Three: It may be a misapplication of self-care categories, but the way in which some people use it, self-care language often implies that we can be insulated from risk. Such insulation is not possible in pastoral ministry. Although it has many dimensions, ordained life is, in the final analysis, cruciform. It subjects pastors, priests, ministers and deacons to the loss, pain, grief and struggles of others. With regularity it exposes us to mortality, failure and loss that people in our care experience, and in doing so, it confronts us with the potency of the same things in our own lives. Under the most extreme circumstances, it has cost people of faith their lives and continues to do so in many parts of the world. The transactional categories of self-care have no place in a world where those demands are made.
Am I saying that a holistic spiritual approach to life has no place in the lives of clergy? Hardly. The goodness of creation and of our own lives — as well as the incarnational nature of the Christian life — provide sound spiritual reasons for a balanced and ordered life. Even the priority of our availability to the spiritual purposes of God requires the nurture and conservation of the gifts we have been given, in the form of relationships, physical strength and emotional wellbeing. But those requirements need to be tempered by the inherent risk and sacrifice that is part of the Christian life.
This is what concerns me most about the growing number of accommodations that students request and the growth market in curating the seminary experience. Preparation for ministry is not – contrary to what people may think – preparation for an isolated and insulated safe space. It is not a space that can be curated or where the demands it makes can be controlled. People will die on your day off. The broken and bleeding will make their way to your door, and Sundays happen whether we are ready for them or not.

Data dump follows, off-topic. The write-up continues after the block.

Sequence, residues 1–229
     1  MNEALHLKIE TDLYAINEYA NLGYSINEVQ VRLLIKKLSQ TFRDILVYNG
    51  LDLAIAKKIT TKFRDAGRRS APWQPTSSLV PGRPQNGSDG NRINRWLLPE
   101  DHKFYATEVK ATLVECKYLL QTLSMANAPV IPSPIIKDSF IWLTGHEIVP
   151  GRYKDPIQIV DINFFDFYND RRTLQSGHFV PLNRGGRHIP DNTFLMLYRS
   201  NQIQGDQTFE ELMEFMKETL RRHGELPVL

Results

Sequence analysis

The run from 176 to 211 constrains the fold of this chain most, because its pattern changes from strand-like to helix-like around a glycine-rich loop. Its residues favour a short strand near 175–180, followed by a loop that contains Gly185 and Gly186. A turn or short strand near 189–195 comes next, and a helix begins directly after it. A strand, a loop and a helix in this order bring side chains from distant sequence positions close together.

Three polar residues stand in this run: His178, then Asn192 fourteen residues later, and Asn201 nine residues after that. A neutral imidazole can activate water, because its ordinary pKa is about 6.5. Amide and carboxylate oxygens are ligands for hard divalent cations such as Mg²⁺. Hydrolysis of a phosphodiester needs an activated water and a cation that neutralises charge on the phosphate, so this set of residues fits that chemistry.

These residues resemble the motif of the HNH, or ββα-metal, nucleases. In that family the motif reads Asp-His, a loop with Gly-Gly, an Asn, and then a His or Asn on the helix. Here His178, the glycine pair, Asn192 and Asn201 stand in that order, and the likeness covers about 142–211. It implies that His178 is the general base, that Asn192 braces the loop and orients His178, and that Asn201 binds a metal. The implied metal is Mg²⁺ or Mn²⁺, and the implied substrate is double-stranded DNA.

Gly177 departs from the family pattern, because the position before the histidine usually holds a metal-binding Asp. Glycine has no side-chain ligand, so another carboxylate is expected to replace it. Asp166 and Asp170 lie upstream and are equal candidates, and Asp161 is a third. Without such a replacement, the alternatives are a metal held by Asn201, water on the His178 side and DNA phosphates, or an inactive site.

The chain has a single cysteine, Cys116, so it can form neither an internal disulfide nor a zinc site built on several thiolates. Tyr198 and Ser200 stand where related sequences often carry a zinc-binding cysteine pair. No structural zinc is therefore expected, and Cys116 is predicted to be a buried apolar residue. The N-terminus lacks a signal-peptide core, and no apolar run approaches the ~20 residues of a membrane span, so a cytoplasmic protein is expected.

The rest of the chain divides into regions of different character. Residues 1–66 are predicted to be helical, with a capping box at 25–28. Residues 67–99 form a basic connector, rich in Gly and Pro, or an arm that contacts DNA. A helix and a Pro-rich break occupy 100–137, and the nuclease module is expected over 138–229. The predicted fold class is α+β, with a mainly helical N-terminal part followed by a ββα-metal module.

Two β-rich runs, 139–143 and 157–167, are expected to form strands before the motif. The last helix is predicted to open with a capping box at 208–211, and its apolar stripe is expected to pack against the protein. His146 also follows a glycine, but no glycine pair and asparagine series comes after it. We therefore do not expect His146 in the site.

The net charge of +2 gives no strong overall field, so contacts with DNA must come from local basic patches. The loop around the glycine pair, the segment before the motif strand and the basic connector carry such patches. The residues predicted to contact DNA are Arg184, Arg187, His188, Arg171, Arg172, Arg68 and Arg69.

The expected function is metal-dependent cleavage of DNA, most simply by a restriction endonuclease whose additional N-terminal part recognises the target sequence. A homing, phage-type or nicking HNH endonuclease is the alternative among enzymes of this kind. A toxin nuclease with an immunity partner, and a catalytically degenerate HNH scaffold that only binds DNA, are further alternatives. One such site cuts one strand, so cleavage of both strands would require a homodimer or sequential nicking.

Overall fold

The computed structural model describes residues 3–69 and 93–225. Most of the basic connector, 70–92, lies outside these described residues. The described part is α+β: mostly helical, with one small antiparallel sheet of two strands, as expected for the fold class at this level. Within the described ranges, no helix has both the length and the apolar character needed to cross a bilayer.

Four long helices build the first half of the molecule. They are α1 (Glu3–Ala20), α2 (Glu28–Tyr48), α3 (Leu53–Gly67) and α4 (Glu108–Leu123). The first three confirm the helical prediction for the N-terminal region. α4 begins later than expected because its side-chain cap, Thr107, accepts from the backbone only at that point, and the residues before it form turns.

What seems to be missing, then, from our conversations about the ministry is a candid contemplation of the demands both our faith and a vocation to ordained life require. This far into my experience of ordained the words that matter more and more are availability and resilience. Availability to the purposes of God – resilience born of the confidence that we risk everything, knowing that it all finally depends upon God. Seminary is a good place to explore the lived meaning of those words.
*I am aware that such requests are often necessary, particularly when they are grounded in identifiable psycho-somatic struggles. Increasingly, however, the conversation about self-care and about the obligation of academic communities to make allowances for accommodations have crowded out countervailing questions. Among them are these: Can classrooms insulate students from difficult questions and serve their purpose? Can students learn what they need to know without navigating uncomfortable conversations? And this: If students require accommodations, what do they also need to do to prepare themselves for a work world where, by definition, the demands of ministry will take them into spiritually and emotionally demanding places?